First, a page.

In her fifth book, New Brunswick historian and University of New Brunswick (UNB) alumna Melynda Jarratt (BA’86, MA’95) provides a window into the world of the Canadian Forestry Corps through the eyes of her grandfather, Blackville-born Pat Hennessy.
Letters from Beauly: Pat Hennessy and the Canadian Forestry Corps in Scotland 1940-1945 is the 23rd volume of the New Brunswick Military Heritage Series.
“Letters from Beauly gives us important insight into the effects the war had on the hundreds of soldiers from New Brunswick who enlisted in the Canadian Forestry Corps as well as their families back home,” says Brent Wilson, director of the New Brunswick Military Heritage Project at UNB’s Gregg Centre for the Study of War and Society.
“Pat Hennessy, a lumber camp cook from Blackville and Bathurst, spent five years overseas in Scotland during which time he had experiences he would never have imagined possible before the war, meeting members of the Scottish aristocracy, travelling to Ireland, his families’ homeland, and attending a course at Oxford University. He also lost some of his close comrades when they went to mainland Europe toward the end of the war and were killed in action.”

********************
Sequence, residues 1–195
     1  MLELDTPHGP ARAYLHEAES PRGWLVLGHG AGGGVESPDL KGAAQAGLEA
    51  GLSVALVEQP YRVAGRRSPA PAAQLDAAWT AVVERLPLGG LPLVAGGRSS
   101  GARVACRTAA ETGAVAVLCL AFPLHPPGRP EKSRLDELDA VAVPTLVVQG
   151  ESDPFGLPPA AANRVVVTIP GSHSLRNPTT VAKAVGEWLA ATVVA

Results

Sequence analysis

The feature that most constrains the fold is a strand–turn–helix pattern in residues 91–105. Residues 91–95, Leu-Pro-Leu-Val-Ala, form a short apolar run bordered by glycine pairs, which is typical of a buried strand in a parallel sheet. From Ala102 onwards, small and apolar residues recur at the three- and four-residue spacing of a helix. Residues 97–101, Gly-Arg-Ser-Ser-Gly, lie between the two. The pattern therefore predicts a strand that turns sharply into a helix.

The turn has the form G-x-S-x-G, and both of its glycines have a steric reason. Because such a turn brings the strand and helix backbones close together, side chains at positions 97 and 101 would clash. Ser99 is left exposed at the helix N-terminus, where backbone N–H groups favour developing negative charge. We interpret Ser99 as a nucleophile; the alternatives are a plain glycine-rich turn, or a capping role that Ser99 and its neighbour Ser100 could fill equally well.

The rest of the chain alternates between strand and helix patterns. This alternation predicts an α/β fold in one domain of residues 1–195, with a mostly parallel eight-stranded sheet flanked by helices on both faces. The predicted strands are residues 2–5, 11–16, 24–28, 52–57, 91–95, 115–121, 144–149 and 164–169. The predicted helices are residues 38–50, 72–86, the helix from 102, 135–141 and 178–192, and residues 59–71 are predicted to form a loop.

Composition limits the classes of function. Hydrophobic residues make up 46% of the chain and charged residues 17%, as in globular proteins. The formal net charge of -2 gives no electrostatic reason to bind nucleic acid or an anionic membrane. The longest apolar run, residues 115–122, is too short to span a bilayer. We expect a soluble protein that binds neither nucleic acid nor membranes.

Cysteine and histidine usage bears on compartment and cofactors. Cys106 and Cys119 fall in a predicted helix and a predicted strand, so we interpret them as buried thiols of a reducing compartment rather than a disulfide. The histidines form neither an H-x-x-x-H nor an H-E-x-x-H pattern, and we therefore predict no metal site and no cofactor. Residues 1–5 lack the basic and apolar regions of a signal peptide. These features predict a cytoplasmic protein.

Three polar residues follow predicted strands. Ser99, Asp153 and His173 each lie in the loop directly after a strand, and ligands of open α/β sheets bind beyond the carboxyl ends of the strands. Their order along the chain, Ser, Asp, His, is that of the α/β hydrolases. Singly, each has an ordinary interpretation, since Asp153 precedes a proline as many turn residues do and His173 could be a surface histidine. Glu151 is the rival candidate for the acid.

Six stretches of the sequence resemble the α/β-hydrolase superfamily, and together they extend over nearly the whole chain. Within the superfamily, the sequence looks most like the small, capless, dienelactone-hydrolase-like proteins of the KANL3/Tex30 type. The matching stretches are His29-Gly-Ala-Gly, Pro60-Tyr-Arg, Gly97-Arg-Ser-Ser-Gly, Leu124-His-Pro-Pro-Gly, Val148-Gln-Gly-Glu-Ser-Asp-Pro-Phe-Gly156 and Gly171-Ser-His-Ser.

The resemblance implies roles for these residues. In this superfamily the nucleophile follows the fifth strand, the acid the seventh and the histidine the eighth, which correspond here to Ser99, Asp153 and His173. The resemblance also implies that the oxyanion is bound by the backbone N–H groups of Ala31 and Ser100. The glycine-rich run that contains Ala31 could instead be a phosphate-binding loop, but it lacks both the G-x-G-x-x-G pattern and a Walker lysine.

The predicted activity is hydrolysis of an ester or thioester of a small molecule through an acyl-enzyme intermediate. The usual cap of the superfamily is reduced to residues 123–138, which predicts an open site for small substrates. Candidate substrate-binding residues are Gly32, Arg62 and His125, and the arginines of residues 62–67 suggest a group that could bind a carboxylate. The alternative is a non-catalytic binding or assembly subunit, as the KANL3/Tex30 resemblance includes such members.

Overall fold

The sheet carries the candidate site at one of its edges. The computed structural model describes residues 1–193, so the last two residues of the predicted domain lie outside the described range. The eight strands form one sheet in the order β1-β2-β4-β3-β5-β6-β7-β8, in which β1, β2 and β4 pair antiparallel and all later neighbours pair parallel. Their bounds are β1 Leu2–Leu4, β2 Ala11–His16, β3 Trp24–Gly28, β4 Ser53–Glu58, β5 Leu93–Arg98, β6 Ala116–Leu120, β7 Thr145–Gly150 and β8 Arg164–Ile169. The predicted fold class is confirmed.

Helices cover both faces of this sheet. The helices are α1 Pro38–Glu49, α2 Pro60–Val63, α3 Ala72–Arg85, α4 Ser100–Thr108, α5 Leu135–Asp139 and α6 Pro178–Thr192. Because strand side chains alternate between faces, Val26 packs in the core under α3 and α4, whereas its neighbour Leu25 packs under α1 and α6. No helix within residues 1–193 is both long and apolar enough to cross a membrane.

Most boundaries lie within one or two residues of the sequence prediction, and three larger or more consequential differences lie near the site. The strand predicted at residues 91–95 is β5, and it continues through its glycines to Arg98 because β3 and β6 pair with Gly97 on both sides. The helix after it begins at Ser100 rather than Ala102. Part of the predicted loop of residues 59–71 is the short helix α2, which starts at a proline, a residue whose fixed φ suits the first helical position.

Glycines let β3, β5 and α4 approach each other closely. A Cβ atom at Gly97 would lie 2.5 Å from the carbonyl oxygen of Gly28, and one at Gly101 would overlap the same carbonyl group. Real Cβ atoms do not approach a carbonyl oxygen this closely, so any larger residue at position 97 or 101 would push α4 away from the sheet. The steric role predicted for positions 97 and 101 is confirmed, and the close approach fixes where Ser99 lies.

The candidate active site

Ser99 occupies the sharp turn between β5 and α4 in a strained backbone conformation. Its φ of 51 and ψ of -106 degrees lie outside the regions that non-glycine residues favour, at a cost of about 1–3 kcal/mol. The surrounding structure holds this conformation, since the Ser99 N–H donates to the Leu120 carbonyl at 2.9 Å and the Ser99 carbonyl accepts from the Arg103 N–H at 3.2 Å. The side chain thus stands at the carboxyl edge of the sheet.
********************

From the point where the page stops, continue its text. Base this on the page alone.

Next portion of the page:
Mr. Hennessy was one of 7,000 Canadian lumbermen who joined the forestry corps during the Second World War to log the forested estates of northern Scotland as part of the war effort, supplying timber to the Western front. The story of the forestry corps is virtually unknown in the annals of Canadian military history, says Ms. Jarratt.
“The only reason we’re able to tell this story,” she says, “is because my grandfather had a penchant for writing home to his family in Bathurst and the letters survived.” Letters from Beauly features many New Brunswickers and UNB alumni, including Fred Cogswell (UNB‘49, ‘50) of Cogswell’s Settlement and Alleyne Hubbard of Burton (UNB’37) – also members of the Canadian Forestry Corps.
Mr. Cogswell, one of Canada’s foremost poets, taught in UNB’s department of English for more than 30 years, retiring as professor emeritus in 1983. He edited The Fiddlehead literary magazine and was publisher of Fiddlehead Poetry Books.
Mr. Hubbard, the descendent of a long line of influential loyalists and politicians, was destined for a career in politics, but his life was cut short by enemy shrapnel in November of 1944.
Letters from Beauly is published by UNB’s Gregg Centre for the Study of War and Society and Goose Lane Editions, with the support of the Canadian War Museum, the Canada Council for the Arts, the New Brunswick Arts Board, the provincial Heritage Branch and the New Brunswick Military History Museum.
Media contact: Claire Geldart